Between the Covers
Every Love Story is a Ghost Story, by D.T. Max
I have often wondered how my orbit could come so close to David Foster Wallace’s without somehow managing to intersect. He grew up about 45 minutes away from the town where I spent my childhood, in the flat, stark farm land of Central Illinois. He came to teach in the English Department at Illinois State University just two years after I received my B.A. (and a year before I would decide that doing postgraduate work in English wasn’t something I could afford financially). Wallace dated someone who was in my childhood dance classes; in the acknowledgments portion of Max’s biography, he credits someone who is a true friend of mine (and former neighbor) as providing valuable information. Eventually, Wallace would leave Bloomington-Normal at almost the same time I did, though this is where our paths diverged, never to cross again.  I would become fascinated by the author independent of this nearly intersecting path; Infinite Jest is a book I could pick up and read any time and be as absorbed by it as I was the first time I read it. Even so, trying to make sense of the measure of the man is something that Max tries to do with Every Love Story is a Ghost Story. Some might argue (and have) that it’s an unnecessary endeavor, but I appreciated having some understanding of Wallace’s changing motivations, his evolution as a writer (and when some critical shifts in perspective occurred) and how both his fiction and non-fiction fit in with his growth as a writer.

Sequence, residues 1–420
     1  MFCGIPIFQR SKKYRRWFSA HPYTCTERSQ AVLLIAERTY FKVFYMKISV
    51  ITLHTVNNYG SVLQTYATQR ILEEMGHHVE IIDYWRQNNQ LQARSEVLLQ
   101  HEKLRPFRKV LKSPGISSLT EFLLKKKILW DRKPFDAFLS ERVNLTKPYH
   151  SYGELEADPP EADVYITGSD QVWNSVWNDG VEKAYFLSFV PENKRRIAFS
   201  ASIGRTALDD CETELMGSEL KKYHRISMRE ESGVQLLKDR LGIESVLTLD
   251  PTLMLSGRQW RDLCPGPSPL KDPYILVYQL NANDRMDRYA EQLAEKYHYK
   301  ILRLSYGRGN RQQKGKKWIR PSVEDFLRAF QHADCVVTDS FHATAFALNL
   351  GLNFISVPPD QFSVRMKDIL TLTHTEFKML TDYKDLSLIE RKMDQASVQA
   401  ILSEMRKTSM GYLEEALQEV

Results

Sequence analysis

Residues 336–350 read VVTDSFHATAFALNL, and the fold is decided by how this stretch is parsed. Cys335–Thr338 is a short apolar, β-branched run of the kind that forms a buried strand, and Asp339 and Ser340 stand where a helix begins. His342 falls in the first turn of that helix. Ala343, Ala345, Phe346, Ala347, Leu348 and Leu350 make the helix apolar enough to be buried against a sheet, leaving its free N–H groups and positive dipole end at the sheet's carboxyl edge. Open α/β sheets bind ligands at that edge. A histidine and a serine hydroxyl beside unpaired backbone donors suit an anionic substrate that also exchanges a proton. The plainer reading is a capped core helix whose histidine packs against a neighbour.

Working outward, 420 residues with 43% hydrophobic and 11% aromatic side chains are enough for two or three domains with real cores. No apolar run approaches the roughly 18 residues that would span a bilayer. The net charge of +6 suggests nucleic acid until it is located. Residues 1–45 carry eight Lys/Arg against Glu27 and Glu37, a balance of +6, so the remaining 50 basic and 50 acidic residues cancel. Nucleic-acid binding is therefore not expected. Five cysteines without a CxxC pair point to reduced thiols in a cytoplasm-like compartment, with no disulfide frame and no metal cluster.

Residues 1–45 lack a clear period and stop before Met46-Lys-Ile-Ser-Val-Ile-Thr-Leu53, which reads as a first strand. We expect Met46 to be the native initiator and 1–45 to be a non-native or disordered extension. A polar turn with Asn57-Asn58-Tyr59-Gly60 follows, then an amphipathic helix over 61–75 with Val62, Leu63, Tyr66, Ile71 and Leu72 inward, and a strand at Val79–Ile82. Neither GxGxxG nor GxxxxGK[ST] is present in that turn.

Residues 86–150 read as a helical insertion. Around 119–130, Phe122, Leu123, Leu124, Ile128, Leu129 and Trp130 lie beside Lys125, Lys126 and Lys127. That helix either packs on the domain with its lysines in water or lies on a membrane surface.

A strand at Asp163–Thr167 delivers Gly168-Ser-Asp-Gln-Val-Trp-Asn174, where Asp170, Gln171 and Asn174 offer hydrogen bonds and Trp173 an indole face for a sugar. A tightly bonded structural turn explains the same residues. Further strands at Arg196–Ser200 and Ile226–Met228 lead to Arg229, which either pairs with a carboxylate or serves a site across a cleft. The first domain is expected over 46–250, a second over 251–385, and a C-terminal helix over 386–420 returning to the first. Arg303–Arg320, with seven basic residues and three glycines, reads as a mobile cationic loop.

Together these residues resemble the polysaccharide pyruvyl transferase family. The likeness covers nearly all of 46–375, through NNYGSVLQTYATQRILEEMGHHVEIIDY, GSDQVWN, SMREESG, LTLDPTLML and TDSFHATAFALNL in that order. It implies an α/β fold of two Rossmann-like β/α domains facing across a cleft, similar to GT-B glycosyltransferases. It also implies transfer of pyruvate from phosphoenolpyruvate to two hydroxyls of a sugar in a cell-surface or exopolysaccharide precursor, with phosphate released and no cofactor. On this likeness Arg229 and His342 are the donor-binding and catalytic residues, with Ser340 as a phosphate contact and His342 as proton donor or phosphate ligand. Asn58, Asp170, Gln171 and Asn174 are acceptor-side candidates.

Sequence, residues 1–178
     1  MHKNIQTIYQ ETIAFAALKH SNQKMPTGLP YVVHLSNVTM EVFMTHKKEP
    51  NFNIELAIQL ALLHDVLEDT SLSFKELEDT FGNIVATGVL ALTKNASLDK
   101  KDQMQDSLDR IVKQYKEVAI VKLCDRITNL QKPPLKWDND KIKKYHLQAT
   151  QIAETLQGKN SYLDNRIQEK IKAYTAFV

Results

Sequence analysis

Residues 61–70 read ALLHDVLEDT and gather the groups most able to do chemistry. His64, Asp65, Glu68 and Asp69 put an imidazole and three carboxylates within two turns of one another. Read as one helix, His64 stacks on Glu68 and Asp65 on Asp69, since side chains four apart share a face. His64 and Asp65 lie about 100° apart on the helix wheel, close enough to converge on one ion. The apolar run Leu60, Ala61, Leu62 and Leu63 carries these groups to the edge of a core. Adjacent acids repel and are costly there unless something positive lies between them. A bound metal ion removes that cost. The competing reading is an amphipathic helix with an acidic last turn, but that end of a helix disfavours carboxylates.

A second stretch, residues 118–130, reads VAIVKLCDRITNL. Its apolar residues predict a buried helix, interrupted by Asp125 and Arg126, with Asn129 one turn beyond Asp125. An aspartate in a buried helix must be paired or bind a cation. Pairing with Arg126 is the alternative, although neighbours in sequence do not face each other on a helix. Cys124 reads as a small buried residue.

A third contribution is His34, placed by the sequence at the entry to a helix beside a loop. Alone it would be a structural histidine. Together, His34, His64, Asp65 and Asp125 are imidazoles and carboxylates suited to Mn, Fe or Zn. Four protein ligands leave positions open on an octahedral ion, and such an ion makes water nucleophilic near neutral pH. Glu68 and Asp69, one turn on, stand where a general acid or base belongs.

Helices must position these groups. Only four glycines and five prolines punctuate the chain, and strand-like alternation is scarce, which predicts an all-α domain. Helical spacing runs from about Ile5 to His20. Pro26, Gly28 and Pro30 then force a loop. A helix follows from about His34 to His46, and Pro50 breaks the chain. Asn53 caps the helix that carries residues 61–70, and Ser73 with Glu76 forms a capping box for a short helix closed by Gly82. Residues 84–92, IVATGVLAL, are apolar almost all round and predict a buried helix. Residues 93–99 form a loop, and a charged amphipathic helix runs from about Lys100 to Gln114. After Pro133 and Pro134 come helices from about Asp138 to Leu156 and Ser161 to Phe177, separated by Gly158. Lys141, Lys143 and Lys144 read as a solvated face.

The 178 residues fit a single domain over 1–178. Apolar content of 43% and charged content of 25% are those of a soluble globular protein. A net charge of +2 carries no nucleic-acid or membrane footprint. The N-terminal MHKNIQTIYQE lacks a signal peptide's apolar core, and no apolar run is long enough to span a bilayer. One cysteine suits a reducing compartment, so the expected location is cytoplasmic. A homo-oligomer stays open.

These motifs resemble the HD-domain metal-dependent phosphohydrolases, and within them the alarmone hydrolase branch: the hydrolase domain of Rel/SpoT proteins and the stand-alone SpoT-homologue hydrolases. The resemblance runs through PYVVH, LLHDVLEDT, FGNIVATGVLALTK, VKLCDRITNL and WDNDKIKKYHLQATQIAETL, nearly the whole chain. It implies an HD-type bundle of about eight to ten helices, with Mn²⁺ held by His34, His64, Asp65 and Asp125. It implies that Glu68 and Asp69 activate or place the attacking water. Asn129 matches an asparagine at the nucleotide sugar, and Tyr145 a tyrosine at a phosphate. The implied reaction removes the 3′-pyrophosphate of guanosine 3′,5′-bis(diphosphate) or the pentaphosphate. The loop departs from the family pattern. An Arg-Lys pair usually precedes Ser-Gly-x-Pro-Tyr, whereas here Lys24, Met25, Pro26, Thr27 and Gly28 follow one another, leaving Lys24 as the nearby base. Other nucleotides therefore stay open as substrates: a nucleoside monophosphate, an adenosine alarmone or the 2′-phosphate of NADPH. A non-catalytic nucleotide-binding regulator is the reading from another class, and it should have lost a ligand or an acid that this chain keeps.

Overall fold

Since I aspire to write (but like Wallace, often find myself just not writing), reading about his challenges and the methods he used to try to overcome were pretty fascinating. I’m not sure that Wallace wrote the way he wanted to. His brain had big ideas that he had a great deal of difficulty putting on paper in a way that was satisfactory to him. For anyone looking for enlightenment about Wallace’s creative process, they are not going to find it in Max’s book. Or perhaps I should say that they will, but it won’t be the sort of thing that inspires someone to adopt any of his methods.
I do think that what I enjoyed about Every Love Story is a Ghost Story is the fact that I really, truly liked David Foster Wallace as a character. I guess in a lot of ways, I read this biography as a story about someone unreal, who could only be made up. I wonder if Wallace wouldn’t be pleased by this aspect of the book, since he inserted himself as a character into one of his own works at one point. Additionally, I liked Max’s nod to Wallace with the notes at the end of the book. Although certainly not as creatively used or as comprehensive as Infinite Jest, the technique felt wholly appropriate.
Perhaps the most impressive quality about Every Story is a Ghost Story is the fact that I think anyone would enjoy it. I don’t think any familiarity with Wallace’s actual writing is necessary. The story created here is one that is fascinating in its own right. If anything, it made me want to revisit Wallace’s work a little bit at a time, absorbing it and considering it in relation to his timeline. “Oh, this is where he wanted to reinvent literature. And here is where he believed sincerity to be all-important.”  I’m looking forward to working through Wallace’s fiction and non-fiction with fresh eyes. 

Between the Covers